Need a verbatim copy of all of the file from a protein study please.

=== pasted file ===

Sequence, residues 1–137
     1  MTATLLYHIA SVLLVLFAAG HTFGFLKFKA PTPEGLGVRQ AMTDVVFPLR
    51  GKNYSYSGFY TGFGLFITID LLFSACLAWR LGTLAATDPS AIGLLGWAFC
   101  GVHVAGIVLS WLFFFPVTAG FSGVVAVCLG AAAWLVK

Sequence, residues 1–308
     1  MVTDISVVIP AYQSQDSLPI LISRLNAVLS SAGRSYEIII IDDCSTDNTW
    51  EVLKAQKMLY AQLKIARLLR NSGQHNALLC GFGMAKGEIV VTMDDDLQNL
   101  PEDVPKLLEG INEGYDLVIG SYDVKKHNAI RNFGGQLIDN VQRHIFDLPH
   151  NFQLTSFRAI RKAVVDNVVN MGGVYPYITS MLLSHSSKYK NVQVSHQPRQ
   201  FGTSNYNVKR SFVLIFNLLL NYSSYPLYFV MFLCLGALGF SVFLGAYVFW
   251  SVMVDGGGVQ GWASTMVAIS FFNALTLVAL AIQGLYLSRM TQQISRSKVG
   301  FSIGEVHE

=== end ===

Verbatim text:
Sequence, residues 1–137
     1  MTATLLYHIA SVLLVLFAAG HTFGFLKFKA PTPEGLGVRQ AMTDVVFPLR
    51  GKNYSYSGFY TGFGLFITID LLFSACLAWR LGTLAATDPS AIGLLGWAFC
   101  GVHVAGIVLS WLFFFPVTAG FSGVVAVCLG AAAWLVK

Sequence, residues 1–308
     1  MVTDISVVIP AYQSQDSLPI LISRLNAVLS SAGRSYEIII IDDCSTDNTW
    51  EVLKAQKMLY AQLKIARLLR NSGQHNALLC GFGMAKGEIV VTMDDDLQNL
   101  PEDVPKLLEG INEGYDLVIG SYDVKKHNAI RNFGGQLIDN VQRHIFDLPH
   151  NFQLTSFRAI RKAVVDNVVN MGGVYPYITS MLLSHSSKYK NVQVSHQPRQ
   201  FGTSNYNVKR SFVLIFNLLL NYSSYPLYFV MFLCLGALGF SVFLGAYVFW
   251  SVMVDGGGVQ GWASTMVAIS FFNALTLVAL AIQGLYLSRM TQQISRSKVG
   301  FSIGEVHE